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behaviors are the ones done almost a century ago by
Harrison (1904). He raised some salamander embryos
in an anesthetic solution throughout the period of
bending, coiling, “S” movements, and early and sus-
tained swimming. He then transferred the embryos to
anesthetic-free solution. He found that the long-term
anesthetized embryos were able to begin to swim as
soon as the anesthetic was washed out. In a few
minutes, they were behaviorally indistinguishable
from the controls.
More recently, these types of experiments have been
done with other drugs that block synaptic transmis-
sion or action potentials in combination with more
quantitative behavioral measurements (Haverkamp
and Oppenhein, 1986; Haverkamp 1986). The results
are essentially the same (Figure 10.8). For the devel-
opment of coordinated movements of the limbs in
chicks or swimming movements in amphibians, activ-
ity in the nervous is not crucial. In other words, the
earliest movements that an animal makes are not nec-
essary stepping-stones to the development of at least
some simple behaviors. Thus, it seems that many early
motor patterns are determined by the molecular
signals that direct the formation of neural connections
(Chapters 5 and 6).
If early motor behaviors serve no particular purpose
in the building of the nervous system, then one might
expect to see many such behaviors only in the embryo.
Indeed, such embryonic specific behaviors are seen in
the leech (Reynolds et al., 1998). For example, one
behavior is called lateral ridge formation and is the result
of the contraction of dorsoventral “flattener” muscle
at a time in development when the embryo is still
essentially a germinal plate. The contraction of these
muscles lifts the boundary of the future dorsal and
ventral territories. Another embryo-specific behavior
is called circumferential indentation and occurs when an
embryonic leech is prodded on one side (Figure 10.9).
An adult leech, when presented with a similar stimu-
lus, will usually exhibit a local bend away from the
stimulus-contracting muscles on one side and relaxing
those one the other. However, the embryo excites all
the muscles in those segments causing a circumferen-
tial contraction. It is likely that circumferential inden-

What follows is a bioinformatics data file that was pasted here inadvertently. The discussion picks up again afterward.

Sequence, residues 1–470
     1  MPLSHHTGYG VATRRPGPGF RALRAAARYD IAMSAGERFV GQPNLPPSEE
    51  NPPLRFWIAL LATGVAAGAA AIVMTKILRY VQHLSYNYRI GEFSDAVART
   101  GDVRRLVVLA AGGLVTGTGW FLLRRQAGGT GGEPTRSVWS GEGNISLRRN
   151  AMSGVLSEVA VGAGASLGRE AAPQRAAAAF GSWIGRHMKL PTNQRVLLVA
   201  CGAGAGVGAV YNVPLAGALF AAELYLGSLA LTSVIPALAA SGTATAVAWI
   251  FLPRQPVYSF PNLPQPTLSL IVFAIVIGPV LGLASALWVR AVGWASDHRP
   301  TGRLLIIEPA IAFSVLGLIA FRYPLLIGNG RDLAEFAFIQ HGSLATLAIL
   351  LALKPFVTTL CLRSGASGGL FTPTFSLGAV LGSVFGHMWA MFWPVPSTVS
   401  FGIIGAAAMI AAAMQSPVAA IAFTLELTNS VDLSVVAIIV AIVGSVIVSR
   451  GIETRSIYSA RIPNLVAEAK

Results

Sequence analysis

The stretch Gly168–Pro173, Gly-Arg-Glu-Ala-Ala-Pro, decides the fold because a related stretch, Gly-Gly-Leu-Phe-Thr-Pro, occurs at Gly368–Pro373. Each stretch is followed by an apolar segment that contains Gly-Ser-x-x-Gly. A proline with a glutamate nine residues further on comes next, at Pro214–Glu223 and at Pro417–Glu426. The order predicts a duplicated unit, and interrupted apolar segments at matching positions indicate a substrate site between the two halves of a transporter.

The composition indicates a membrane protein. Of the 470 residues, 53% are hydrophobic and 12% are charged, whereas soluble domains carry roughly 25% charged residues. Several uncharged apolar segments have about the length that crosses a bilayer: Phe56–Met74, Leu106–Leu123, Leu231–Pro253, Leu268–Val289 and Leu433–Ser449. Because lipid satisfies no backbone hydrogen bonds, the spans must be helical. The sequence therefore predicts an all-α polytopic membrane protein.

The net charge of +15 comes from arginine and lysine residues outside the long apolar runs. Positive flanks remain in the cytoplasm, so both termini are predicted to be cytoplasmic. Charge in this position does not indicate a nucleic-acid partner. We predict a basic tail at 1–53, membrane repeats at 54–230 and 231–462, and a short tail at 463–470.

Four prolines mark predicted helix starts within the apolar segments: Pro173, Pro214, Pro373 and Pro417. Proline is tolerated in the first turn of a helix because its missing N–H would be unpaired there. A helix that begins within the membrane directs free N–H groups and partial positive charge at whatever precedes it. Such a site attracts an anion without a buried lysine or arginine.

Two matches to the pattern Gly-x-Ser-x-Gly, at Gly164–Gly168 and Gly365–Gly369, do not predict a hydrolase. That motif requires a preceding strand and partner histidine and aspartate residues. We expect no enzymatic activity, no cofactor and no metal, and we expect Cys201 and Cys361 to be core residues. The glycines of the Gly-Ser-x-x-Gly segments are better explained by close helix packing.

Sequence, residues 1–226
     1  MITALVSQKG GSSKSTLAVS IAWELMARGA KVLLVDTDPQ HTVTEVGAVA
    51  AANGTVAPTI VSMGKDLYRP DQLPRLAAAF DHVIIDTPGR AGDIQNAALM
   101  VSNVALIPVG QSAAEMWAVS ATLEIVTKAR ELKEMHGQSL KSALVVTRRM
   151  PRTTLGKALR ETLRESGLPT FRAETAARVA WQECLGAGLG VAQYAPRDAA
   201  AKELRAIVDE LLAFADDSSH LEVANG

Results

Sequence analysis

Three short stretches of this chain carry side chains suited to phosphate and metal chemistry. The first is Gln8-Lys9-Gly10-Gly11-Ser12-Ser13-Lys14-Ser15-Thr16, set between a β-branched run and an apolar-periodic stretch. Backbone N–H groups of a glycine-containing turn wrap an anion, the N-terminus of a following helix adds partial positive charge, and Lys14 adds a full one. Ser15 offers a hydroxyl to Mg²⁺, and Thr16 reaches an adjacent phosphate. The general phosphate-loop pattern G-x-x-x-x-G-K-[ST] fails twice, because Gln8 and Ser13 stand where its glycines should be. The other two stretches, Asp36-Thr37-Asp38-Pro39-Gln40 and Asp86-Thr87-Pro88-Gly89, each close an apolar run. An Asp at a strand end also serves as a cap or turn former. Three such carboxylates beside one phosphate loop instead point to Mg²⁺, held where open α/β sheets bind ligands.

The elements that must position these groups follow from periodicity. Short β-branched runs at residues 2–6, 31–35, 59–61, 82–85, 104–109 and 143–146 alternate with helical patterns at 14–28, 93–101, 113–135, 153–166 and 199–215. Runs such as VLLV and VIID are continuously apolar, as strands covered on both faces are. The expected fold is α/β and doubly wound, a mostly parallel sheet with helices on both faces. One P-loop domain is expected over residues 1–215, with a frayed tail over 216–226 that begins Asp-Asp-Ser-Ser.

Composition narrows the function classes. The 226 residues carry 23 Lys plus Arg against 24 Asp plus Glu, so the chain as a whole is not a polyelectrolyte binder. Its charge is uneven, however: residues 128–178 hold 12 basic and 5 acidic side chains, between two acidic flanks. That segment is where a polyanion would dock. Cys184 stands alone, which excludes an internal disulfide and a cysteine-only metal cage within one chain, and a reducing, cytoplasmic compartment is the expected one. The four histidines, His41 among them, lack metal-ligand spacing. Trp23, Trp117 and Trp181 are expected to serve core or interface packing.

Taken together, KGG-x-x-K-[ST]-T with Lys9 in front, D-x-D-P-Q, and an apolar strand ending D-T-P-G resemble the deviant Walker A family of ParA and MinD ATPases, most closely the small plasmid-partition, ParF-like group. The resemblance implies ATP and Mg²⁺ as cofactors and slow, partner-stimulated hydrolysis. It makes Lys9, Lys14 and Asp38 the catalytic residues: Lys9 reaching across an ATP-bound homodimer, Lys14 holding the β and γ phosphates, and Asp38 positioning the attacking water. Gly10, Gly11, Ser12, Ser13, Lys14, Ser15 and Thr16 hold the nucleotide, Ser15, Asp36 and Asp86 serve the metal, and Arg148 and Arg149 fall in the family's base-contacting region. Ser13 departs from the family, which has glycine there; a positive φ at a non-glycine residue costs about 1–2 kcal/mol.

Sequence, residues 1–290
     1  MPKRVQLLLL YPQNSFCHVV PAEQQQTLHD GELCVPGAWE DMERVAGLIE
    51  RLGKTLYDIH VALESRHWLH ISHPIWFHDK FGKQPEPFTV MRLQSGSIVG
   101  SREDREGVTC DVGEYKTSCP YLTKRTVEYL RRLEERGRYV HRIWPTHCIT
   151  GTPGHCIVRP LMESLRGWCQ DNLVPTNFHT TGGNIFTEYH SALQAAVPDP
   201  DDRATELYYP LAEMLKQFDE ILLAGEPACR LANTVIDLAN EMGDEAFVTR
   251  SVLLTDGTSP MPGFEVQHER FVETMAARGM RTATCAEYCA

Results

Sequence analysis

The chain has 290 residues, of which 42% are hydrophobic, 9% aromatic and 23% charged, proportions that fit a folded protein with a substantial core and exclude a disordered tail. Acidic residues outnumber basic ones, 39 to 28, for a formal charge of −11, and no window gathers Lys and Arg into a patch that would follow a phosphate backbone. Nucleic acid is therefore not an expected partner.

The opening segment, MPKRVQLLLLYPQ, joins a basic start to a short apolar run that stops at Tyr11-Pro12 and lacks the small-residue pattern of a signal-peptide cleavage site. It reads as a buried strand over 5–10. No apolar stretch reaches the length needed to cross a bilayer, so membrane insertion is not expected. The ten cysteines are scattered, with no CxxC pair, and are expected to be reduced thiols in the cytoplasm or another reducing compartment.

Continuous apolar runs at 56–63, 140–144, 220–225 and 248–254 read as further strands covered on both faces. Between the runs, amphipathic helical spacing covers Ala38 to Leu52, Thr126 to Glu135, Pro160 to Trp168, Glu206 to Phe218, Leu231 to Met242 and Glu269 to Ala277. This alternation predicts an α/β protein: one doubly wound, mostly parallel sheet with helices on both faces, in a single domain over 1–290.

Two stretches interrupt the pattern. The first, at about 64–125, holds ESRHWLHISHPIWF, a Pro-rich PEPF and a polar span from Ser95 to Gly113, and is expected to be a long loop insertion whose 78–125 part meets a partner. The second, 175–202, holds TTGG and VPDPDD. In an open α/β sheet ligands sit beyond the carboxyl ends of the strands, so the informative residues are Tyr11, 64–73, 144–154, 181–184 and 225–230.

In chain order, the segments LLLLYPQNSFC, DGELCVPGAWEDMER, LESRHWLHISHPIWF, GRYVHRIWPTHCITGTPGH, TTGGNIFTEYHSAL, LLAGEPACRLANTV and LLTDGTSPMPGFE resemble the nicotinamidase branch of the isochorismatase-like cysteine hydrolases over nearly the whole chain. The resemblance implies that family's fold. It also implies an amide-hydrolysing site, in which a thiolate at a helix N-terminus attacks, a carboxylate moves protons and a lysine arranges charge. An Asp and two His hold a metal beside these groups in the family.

tation is a behavior that simply occurs at an incomplete
stage of neural circuit formation.
Anesthetic Reared
Stage 17
Stage 17
Circumferential indentation in
a leech embryo in response
to prod
Local bend away from prod
in mature leech
Stage 35
Stage 35
Local Bend
Wash out anesthetic
Record from ventral roots
Record from ventral roots
Normal Swimming
Normal Swimming
% Embryonic Development
FIGURE 10.8 Swimming out of anesthesia. A. A set of normal
Xenopus embryos put in a culture dish at the late neural plate stage
and raised till the swimming stage in normal pond water. They swim
normally, and electrophysiological records from ventral roots on
opposite sides of the spinal cord show the expected alternating
pattern of activity. B. A set of sister embryos raised in an anesthetic
solution until stage 35, at which point some the embryos were imme-
diately put into a recording chamber. The pattern of activity as
the swimming behavior looks essentially normal. (Adapted from
Haverkamp, 1986)
FIGURE 10.9 A transient embryo-specific behavior in a leech
gets replaced. A. At 50% of embryonic development, most prods to
one side of the mid-body of a leech embryo result in circumferential
indentation of the body due to the contraction of muscles all around
the body at the level of the poke. B. At 80% of development, a similar
prod leads to local bending away from the prod, resulting from dif-
ferential contraction of muscles on one side of the body versus the
other. C. Graphic illustration of the transitory embryonic behavior
with the more mature behavior. (Adapted from Reynolds et al., 1988)
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